The thermal low

These lows occur almost exclusively in summer, resulting from intense daytime heating of continental areas. Figure 7.1C illustrates their vertical structure. The most impressive examples are the summer low-pressure cells over Arabia, the northern part of the Indian subcontinent and Arizona. The Iberian Peninsula is another region commonly affected by such lows. They occur over southwestern Spain on 40 to 60 per cent of days in July and August. Typically, their intensity is only 2 to 4 mb and they extend to about 750 mb, less than in other subtropical areas. The weather accompanying them is usually hot and dry, but if sufficient moisture is present the instability caused by heating may lead to showers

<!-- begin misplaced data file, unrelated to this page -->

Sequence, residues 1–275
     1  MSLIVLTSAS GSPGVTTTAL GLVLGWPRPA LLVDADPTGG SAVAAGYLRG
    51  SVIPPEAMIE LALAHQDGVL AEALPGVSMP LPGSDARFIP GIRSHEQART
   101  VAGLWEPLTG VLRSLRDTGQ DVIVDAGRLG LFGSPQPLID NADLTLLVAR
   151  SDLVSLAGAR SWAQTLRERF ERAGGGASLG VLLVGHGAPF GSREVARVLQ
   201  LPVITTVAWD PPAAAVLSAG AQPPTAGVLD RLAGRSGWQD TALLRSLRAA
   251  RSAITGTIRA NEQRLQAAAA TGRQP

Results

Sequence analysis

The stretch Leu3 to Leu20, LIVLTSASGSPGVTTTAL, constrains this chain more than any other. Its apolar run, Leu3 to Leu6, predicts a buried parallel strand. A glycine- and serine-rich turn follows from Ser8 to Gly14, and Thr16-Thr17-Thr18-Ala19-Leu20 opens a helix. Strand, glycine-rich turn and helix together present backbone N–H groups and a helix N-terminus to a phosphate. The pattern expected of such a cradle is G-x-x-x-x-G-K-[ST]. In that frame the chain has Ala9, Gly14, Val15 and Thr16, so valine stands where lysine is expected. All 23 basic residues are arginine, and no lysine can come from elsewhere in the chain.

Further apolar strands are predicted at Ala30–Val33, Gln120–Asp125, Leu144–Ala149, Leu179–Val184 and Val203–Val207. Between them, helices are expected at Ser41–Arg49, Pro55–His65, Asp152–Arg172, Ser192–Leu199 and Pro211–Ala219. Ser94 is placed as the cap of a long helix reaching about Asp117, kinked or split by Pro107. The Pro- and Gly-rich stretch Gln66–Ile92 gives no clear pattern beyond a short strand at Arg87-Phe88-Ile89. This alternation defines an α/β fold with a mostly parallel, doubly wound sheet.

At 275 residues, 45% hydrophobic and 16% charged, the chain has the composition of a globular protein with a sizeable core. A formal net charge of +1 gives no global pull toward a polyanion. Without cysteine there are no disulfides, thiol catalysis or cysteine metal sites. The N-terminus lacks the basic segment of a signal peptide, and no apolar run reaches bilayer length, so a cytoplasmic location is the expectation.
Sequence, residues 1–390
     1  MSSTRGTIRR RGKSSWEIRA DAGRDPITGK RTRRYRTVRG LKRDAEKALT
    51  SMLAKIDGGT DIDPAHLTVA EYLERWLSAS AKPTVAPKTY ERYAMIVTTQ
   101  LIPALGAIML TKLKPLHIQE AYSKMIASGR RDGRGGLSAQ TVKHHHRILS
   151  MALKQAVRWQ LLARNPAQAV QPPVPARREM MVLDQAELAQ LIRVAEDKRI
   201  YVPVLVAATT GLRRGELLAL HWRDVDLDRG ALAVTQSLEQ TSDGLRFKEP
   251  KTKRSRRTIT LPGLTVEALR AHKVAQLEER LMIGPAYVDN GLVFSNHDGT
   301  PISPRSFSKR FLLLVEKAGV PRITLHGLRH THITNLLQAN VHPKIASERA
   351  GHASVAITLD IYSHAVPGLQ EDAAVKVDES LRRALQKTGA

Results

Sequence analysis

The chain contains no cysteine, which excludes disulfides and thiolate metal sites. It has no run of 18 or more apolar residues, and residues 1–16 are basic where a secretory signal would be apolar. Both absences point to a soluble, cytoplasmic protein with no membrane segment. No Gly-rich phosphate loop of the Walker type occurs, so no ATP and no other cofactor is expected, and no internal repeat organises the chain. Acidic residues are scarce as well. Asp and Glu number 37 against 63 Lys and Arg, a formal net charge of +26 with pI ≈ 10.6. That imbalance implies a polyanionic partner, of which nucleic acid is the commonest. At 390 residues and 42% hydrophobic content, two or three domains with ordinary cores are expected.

Buffer Zones Between Land And Ocean
Figure 9.25 Generalized relationships between ocean-surface temperatures, jet-stream tracks, storm-development zones and land temperatures over the North Pacific and North America during (A) average winter conditions in the 1960s, and (B) the winter of 1971 to 1972, as determined by J. Namias.

Source: After Wick (1973).

and thunderstorms. Thermal lows normally disappear at night when the heat source is cut off, but in fact those of India and Arizona persist.

Continue reading here: Polar air depressions

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